Native advertising is a controversial subject, alternately hailed as “a breath of fresh air” and “exploitative”. As Mark Sherbin recently pointed out though, “For content marketers, native advertising has unique implications. It opens up a method of content distribution many marketers have ignored, making it a potential key to getting more eyes on your content.”
It can be a fantastic tool for content marketers; however, it should certainly be used judiciously. Read the rest of Mark’s article on the CMI blog for some sage pointers: How Your Content Distribution Can Use Native Advertising
Content marketing is becoming increasingly linked with social media. A huge number of marketers rely on social media for content distribution. Michele Linn, and some CMI consultants recently looked at this trend and asked some tricky questions:
- Is this trend a good thing?
- Are marketers doing it right?
Get their answers here: Content Marketing Strategies for Social Media: Trends vs. Hype
You might put out informative content in a highly readable way, but you’re only part way there. A strong writer needs more than great content if you hope to grow a thriving, interactive audience. So what’s missing?
Georgina El Morshdy at Copyblogger discusses how writers can develop the “know, like, trust” factor. She offers 30 ideas to help writers become better known, better liked, and more trusted by the public.
Find out how here: 30 Ways to Build the “Know, Like, and Trust” Factor that Grows an Audience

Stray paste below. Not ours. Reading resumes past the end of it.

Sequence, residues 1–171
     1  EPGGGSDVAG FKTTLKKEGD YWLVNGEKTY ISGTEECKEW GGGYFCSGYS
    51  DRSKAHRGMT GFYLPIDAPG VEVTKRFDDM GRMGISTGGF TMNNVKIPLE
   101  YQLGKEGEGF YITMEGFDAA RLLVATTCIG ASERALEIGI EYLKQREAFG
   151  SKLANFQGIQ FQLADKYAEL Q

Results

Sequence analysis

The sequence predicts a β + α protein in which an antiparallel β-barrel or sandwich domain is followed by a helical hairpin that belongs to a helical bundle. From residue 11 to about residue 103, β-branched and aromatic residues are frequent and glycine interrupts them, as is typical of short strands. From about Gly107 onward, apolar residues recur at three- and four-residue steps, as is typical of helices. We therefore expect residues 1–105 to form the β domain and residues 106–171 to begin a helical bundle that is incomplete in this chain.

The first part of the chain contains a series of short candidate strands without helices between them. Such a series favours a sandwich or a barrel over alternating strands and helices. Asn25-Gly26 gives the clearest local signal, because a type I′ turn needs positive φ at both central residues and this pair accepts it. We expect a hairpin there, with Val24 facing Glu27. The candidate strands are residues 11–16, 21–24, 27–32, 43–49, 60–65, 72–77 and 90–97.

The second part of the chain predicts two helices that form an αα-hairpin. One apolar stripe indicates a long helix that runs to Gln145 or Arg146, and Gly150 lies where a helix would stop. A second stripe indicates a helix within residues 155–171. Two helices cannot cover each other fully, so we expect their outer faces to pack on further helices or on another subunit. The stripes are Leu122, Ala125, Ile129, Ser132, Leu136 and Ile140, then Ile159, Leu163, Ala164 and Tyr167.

If you’ve invested time and money into a social media strategy, you may now be looking for ways to quantify your returns in direct business or new customers. In a recent blog post on the Duct Tape Marketing blog, John Jantsch suggests that perhaps this is the wrong perspective on social media ROI. After all, you can’t sell on social media, so the whole point (when practiced properly) is to first build trust.
Ultimately, he says that ROI will only be guaranteed by building trust and value in your audience. Only then will your investment turn into actual sales. Hit the jump for the full article:How to Guarantee ROI With Social Media Participation
It seems a whole lot of businesses are abandoning Facebook as a marketing tool. GM and other huge corporations have yanked millions of dollars from the strategy because they weren’t seeing the results they were after. Many folks are wondering if Facebook advertising is just a dead end.
Perry Marshall talked about this in a recent post on his site. He offers the bad news: “Facebook has acted irresponsibly… by building a crappy ad interface with lousy tools.” But he also offers a lot of good news about how it CAN be an effective tool if it’s used right.
Find out if perhaps you can make Facebook advertising work for you: The Straight Dope on Facebook Ads
Joe Pulizzi, founder of the Content Marketing Institute, was recently asked, “When will B2B marketers take their content programs to Pulitzer, NMA, Oscar level?”
In a subsequent post, he tackled this and other questions. Most interestingly, he points out how the business model of ad-supported content is dying, leaving media companies seriously concerned about the future.
Read more after the jump: 4 Reasons Why Content Marketing is Scaring the Pants Off Media Companies
If you’re not seeing the results you expected from your landing page, you may have some unrecognised conversion killers lurking about. Gregory Ciotti, content strategist at Help Scout, recently discussed these conversion killers and pointed out five key “leaks” to look out for:
- Poor typography and whitespace
- Slow loading
- Cramming above the fold
- Sketchy testimonials
- A crushing “wall-o-text”
Find out if you’re committing one or more of these deadly landing page sins: 5 Landing Page Conversion Killers